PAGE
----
Wednesday, January 5, 2011
BBQ Rub for Pork
4 tablespoons chipotle chili pepper
3 tablespoons salt
2 tablespoons dry mustard
2 tablespoons crushed oregano
2 tablespoons finely crushed dried rosemary leaves
2 tablespoons paprika
2 tablespoons garlic powder
1 1/2 tablespoons black pepper
1 tablespoon onion powder
1 tablespoon cayenne pepper
1/2 tablespoon dried thyme
Mix well. Store any that’s left in an airtight jar.
Sprinkle the roast generously with the rub and coax it into any cavities. Wrap roast in plastic wrap and refrigerate for at least a couple of hours or overnight. Remove from the fridge for about 45 minutes before grilling.
Prepare your grill for indirect (off the heat cooking) on either gas or charcoal. Soak wood chips for an hour, I like hickory with maybe an apple blend the best and prepare a chip box or make a foil pack like I sometimes do. You can see how I make my foil pack here on my Cowboy Beef Brisket post. Get the grill going and the temperature to 250 degrees F. You need to keep it between 225 and 250 during the cooking process.
Place chip box or foil pack on the fire side and place the roast on the cool side with fat side up. Close the lid and wait, this is all you can do for now.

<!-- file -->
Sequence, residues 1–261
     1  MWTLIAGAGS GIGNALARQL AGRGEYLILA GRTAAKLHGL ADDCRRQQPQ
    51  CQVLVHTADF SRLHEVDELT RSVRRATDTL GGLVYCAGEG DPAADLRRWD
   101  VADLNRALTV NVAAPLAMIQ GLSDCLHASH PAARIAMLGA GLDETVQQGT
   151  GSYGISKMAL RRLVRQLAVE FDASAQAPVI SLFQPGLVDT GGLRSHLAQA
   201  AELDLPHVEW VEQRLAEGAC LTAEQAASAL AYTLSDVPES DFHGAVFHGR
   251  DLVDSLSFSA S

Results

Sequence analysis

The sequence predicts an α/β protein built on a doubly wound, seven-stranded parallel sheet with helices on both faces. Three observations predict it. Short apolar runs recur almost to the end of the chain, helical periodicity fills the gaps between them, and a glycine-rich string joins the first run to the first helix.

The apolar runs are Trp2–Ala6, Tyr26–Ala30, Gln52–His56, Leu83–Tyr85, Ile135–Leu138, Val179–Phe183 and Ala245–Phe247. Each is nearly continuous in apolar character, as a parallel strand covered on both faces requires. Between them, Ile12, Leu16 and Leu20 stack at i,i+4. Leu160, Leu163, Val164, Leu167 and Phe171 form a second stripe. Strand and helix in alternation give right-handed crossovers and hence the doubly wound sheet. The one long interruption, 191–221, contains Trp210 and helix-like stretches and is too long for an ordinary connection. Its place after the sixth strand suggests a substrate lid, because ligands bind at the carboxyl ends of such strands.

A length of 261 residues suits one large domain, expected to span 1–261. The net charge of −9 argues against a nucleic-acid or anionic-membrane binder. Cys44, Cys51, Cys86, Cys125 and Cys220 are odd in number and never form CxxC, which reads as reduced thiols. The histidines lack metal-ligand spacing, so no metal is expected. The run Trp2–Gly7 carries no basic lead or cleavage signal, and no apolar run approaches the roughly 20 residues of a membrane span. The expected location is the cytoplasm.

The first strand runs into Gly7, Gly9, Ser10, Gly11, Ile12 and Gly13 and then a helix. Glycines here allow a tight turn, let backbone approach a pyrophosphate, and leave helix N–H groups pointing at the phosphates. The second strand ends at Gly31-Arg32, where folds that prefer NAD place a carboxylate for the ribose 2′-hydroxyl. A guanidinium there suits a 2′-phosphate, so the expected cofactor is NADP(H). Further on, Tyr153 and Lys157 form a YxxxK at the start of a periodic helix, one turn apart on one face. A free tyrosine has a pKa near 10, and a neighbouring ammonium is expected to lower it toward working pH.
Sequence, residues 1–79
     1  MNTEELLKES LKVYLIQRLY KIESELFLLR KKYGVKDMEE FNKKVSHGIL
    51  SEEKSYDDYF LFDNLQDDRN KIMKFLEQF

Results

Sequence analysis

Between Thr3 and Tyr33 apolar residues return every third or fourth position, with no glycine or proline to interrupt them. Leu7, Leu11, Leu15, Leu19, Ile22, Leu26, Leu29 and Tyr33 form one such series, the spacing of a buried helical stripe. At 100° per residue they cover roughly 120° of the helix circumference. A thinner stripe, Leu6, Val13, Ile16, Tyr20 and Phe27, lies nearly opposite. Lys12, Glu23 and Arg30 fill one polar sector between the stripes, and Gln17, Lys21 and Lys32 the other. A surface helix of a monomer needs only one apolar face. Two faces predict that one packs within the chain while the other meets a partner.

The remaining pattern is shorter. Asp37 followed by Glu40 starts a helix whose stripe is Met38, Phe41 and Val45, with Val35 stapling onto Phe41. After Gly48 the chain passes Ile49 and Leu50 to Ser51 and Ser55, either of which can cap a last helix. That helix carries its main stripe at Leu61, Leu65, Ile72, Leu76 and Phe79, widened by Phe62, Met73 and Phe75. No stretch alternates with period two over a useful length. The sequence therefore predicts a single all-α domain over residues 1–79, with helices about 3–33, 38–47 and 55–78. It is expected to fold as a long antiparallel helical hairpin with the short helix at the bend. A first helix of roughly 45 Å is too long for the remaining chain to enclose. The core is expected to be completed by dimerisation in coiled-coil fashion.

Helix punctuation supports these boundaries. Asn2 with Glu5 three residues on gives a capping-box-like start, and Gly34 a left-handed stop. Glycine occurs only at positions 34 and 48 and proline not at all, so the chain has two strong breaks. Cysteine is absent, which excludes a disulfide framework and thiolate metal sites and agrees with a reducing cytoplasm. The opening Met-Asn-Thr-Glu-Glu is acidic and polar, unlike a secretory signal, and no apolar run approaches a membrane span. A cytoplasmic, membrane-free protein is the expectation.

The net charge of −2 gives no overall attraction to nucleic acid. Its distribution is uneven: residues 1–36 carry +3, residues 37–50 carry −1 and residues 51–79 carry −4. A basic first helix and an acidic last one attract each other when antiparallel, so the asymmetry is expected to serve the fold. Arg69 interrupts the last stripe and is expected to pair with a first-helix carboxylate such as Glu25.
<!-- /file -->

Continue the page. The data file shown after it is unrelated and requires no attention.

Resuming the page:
July 4th Grilling
After about an hour and after the smoke from the wood chips has disappeared, open up the lid and stick in your thermometer. Insert it into the meatiest area not hitting any bone. Continue cooking until the internal temperature reaches 165 degrees F. Also during this time, moisten the roast with a liquid to keep the outside moist. Use my Mopping Sauce or mix a mixture of cider vinegar and apple juice. I personally think pork needs the vinegar for tenderizing and the apple gives it a fruity background. Keep the lid closed as much as possible.
When 165 is reached, remove roast and wrap tightly in heavy-duty aluminum foil mopping one last time. I use two layers of foil. Replace the thermometer and place roast back on the indirect side of the grill. Cook until the internal temperature reaches 193 degrees F. which is perfect for pulling. Remove and set aside for at least 30 minutes or for an hour or two.
At this point you can slice it, chopped it or dice it – but why come all this way without shredding it folks. That’s why we’re here, right? It should be tender enough to pull with your finger if you want large chunks. Now, if you want the shredded version, take two forks and working against each other, start at one end of the roast and pull the meat apart.
Serve with your favorite barbeque sauce, reheat the mopping sauce to moisten the meat or sprinkle it with a little black pepper, cider vinegar and apple juice for a real southern taste.